Monthly Archives: October 2015

Object of the Month: October

Moving on from the edible apples of autumn, it’s appropriate to consider the golden apples of the Hesperides, which can be viewed at the Fitzwilliam Museum, down the road from the Botanic Gardens in Cambridge, in a small exhibition on … Continue reading

Posted in Archaeology, Art, Classics, Museums and Galleries | Tagged , , , , | 1 Comment


Upon St Crispin’s Day, what better way to celebrate England than to go to the Apple Day at Cambridge University Botanic Garden? For the second time, I had the fun of being a helper, slicing fruit for tasting, and bagging … Continue reading

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Plant of the Month: October

No difficulty in choice this month: the cyclamen, in all its varieties, is the outstanding plant of October. If asked to choose my own favourite flowering plant, I’d be torn between the cyclamen or the clematis (in all its varieties … Continue reading

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What do we mean by it? I was catching up recently with Amanda Foreman’s ‘The Ascent of Woman’, and was very disconcerted by two things in particular: firstly, the sudden leap (à propos ancient oppression of women) from the Assyrian … Continue reading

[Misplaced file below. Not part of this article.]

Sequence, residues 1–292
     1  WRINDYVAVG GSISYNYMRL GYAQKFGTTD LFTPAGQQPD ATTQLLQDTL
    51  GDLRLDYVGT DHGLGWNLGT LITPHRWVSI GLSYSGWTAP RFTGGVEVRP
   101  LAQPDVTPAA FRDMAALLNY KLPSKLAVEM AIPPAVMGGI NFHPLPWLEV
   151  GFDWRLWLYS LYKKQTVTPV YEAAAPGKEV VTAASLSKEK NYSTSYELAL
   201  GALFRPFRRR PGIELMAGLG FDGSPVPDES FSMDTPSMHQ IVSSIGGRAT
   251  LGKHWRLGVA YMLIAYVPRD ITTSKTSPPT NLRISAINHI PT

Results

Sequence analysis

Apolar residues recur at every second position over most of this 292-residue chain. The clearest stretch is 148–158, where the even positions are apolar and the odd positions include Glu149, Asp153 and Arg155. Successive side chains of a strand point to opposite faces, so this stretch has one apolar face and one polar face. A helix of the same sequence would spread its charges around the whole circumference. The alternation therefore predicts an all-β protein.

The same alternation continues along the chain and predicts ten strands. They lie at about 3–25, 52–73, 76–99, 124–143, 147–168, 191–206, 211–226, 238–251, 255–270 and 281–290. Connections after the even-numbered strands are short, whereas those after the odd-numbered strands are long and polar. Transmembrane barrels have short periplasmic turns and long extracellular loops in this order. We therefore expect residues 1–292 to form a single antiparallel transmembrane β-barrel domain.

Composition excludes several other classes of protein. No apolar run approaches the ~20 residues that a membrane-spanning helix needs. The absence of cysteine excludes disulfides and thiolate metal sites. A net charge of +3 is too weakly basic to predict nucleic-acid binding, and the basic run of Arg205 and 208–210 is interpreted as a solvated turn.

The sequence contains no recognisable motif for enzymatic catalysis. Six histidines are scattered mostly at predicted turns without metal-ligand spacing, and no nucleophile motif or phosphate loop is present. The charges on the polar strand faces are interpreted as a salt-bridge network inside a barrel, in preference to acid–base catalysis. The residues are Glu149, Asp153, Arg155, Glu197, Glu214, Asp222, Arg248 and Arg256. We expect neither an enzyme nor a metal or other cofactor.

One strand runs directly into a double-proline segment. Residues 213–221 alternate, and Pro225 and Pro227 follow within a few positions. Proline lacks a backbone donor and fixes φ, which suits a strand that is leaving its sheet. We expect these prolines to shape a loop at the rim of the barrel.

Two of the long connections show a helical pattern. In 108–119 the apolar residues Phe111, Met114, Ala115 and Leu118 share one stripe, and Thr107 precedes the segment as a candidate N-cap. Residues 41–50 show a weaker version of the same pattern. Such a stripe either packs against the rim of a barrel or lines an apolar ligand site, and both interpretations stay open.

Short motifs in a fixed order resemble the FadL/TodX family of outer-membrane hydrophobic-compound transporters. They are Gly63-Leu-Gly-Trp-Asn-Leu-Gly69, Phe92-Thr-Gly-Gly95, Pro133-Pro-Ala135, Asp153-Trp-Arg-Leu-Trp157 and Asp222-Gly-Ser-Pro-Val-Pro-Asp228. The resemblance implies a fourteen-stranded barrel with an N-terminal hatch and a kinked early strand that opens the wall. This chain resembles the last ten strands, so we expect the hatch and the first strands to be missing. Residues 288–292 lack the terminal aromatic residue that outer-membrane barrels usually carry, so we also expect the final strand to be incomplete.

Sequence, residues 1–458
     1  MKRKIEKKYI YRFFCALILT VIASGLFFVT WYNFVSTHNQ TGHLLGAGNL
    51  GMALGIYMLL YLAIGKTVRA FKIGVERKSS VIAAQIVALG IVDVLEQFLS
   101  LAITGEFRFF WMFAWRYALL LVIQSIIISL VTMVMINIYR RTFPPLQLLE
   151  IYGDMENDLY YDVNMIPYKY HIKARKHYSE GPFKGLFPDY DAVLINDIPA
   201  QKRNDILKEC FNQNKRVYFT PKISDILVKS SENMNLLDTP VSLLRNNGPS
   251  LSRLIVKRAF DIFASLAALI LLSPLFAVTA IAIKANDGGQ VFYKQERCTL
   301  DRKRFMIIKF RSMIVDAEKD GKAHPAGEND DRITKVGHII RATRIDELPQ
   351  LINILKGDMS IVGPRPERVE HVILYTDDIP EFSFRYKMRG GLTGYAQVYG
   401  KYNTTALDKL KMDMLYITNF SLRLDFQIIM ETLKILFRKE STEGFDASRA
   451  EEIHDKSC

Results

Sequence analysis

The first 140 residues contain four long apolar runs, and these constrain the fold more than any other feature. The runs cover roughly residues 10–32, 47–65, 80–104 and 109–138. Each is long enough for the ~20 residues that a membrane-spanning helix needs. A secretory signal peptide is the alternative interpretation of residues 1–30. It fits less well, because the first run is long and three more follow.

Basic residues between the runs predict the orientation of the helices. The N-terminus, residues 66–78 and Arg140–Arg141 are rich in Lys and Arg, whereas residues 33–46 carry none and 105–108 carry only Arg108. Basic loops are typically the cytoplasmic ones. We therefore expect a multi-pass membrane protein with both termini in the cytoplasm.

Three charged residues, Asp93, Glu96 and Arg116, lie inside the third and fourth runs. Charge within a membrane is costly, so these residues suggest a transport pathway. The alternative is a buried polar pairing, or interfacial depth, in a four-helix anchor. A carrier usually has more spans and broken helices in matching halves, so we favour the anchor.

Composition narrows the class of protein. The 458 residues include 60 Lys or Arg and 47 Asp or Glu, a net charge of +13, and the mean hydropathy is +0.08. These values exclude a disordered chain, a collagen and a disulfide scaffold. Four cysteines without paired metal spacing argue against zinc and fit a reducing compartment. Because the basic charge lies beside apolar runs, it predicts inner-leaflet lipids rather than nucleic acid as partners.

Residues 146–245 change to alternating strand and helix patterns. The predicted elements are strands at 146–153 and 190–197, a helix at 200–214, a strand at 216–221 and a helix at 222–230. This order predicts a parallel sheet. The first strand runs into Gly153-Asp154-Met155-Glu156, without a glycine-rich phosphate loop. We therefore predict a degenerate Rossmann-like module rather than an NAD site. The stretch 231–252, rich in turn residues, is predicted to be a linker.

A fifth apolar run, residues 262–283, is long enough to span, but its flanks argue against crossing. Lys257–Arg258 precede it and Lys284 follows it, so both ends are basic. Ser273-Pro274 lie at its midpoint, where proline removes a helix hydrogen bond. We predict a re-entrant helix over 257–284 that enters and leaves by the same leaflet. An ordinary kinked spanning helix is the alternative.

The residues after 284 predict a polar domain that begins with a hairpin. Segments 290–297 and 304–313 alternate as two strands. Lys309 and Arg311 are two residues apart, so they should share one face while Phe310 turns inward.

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Behind the Scenes at the Museum

Disambiguation, as they say on Wikipedia. This is not about the novel by the great Kate Atkinson (another Jackson Brodie! Soon! PLEASE!), but about the usually scruffy, draughty, unkempt warrens which tend to lurk behind many of our great national … Continue reading

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Printing With Muscles

Some months ago, I saw advertised – on Twitter, I think – a one-day course on printing on a wooden press (of the type Gutenberg would have used, it is thought), run by the Dürer Press Group, at the St … Continue reading

Posted in Bibliography, History, Literature, London, Printing and Publishing | Tagged , , , , , | 12 Comments


This title immediately raises issues. If the first part of a two-word hyphenated phrase requires a capital, should the second part also be capitalised? I think it should, because ‘Copy-editing’ looks unbalanced to me, but on the other hand, if … Continue reading

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St Helena

I say St Helena, you say Napoleon, or possibly vice versa. It’s undoubtedly the case that this tiny and remote island is most famous because of its reluctant and ex-imperial guest between 1815 and his death in 1821. Large numbers … Continue reading

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My Favourite Potholes

To survive on a bike in Cambridge, ‘Cycle City’ of the Fens, it is essential to assume that all fellow road users – drivers, pedestrians and (especially) cyclists – are rude, unpredictable, illiterate and terminally stupid. (The last of course … Continue reading

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